Wow, what I’d kill to successfully find(and possibly sneakily photograph, hehehe….) some malls that still have court areas like this, such as the one in front of Bon-Ton! Now that I think of it, doesn’t Woodfield Mall in Schaumburg, IL still have a few of those olderish court areas with planters in some of the main parts of the mall(say, where all the hallways converge with each other, and/or around where the “middle” floor is??).

    [Reply]

  4. And just so I have it straight about the JCPenney at this mall, it used to be in the space where Dick’s Sporting Goods is now? (and that they just built a new store, and moved it over to an area that I guess was in front of what I guess used to be a regular mall entrance?)

    [Reply]

  5. Actually, the JCPenney space itself was turned into additional mall space, and JCPenney built a new store on the outside of the mall from their old one. Basically, the entire old JCPenney was converted to mall space (and part of it did become Dick’s later on) and JCPenney built a new store next to their old one, which connects to the portion of the mall that is in their former store.

    Also, XISMZERO, to tell you the truth, the dearth of photos is because most of the mall is relatively bland. The Bon Ton court is flat-out amazing, and I would’ve taken more pictures (possibly even some *real* pictures), but there were two guys hanging around in the middle of the court and not moving, so I would’ve looked kind of strange. The Bon Ton court is easy to miss, btw, because it’s down a side hallway and isn’t terribly visible when you walk down the main concourse. In fact, I visited Aviation Mall once before in 2000 and didn’t wander down that way, missing it entirely. Because the wing leading to The Bon Ton is narrow, the only part you can really see from the main portion of the mall is the store’s sign and entrance.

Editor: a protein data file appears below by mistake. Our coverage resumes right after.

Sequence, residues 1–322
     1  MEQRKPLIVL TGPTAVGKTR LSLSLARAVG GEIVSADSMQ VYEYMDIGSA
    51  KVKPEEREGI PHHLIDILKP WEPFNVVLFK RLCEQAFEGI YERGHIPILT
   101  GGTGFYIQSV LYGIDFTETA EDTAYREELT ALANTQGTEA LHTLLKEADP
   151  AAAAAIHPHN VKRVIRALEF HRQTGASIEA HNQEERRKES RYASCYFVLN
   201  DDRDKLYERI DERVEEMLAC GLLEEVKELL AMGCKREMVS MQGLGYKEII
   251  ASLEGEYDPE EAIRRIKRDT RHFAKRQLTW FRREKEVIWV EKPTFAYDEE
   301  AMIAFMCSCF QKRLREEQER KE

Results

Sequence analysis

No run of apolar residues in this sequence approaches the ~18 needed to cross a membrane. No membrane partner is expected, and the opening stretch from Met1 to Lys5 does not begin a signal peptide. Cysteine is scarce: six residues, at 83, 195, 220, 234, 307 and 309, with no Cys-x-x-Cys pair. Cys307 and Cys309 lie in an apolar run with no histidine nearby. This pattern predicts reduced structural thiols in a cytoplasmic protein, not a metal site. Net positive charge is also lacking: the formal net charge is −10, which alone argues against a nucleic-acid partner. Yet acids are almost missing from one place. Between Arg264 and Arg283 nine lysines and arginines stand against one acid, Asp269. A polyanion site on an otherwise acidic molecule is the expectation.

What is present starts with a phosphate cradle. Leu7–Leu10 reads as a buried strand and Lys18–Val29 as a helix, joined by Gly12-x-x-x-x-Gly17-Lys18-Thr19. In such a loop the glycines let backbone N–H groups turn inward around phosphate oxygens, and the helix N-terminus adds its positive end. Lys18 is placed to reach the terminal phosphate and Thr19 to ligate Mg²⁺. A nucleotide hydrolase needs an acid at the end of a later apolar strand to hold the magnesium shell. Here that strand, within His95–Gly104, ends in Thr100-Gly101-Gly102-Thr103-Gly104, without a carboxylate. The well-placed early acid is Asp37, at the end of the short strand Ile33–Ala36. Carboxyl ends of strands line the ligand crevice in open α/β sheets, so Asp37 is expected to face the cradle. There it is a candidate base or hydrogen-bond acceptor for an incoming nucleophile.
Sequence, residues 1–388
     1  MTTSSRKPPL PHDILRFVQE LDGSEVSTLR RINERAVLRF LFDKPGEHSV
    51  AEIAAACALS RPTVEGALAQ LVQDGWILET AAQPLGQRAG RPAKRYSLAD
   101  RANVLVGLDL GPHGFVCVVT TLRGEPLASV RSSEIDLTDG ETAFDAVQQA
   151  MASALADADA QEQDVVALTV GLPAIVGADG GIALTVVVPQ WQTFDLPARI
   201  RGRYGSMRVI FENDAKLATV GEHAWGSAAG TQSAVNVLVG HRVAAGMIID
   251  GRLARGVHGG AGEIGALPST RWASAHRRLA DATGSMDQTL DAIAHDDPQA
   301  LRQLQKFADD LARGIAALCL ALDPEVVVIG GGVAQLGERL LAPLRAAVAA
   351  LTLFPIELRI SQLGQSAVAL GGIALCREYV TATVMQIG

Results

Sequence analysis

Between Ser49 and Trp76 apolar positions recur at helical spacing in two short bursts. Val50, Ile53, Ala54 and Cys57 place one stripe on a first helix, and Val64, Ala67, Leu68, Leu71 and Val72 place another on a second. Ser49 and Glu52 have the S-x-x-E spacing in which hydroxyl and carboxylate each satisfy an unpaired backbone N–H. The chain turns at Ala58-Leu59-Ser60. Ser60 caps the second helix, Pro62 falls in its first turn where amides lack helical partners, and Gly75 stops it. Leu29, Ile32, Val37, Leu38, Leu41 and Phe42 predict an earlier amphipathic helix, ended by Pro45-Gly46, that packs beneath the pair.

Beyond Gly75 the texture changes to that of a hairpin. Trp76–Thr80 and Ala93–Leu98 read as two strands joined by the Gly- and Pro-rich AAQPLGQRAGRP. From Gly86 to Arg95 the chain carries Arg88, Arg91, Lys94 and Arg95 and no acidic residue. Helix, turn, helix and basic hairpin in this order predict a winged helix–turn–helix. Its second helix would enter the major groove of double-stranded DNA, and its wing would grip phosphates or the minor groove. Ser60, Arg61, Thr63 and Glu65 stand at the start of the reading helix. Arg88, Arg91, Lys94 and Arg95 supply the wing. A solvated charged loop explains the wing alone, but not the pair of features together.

[Reply]

  6. I was up in this mall in July of last year on a trip up to Plattsburgh. In some ways, it is representative of the early era Pyramid malls. Unlike the one in Ithaca, this mall did not undergo the full remodel in the mid 80’s, keeping some of the foliage in the Bon-Ton area. In the late 90’s Pyramid proposed expanding several of their malls (Pyramid Mall in Ithaca and Salmon Run Mall being two of these, along with Aviation) From the looks of it, none of these malls underwent the extent of expansion (usually a proposed doubling of the GLA) that was proposed.

    [Reply]

  7. So Caldor didn’t have an exterior access entrance? I can’t quite figure out why it would seem so many mall iterations of Caldor didn’t include outside access. Could this have been to repel thievery? Could it have been the mall wanted people to come through the mall in an attempt to increase patrons to see smaller parcels and not just use it for one (anchor) store? I’m more inclined to believe the latter. Looks to me it goes 50/50; Caldor attracts people to the mall thus helping it but they need to ask their customers to walk through it in return for getting more traffic garnered by it (the mall). Then why put a mall entrance beside it? I don’t know, seems to me like antiquated 1970’s mall logic.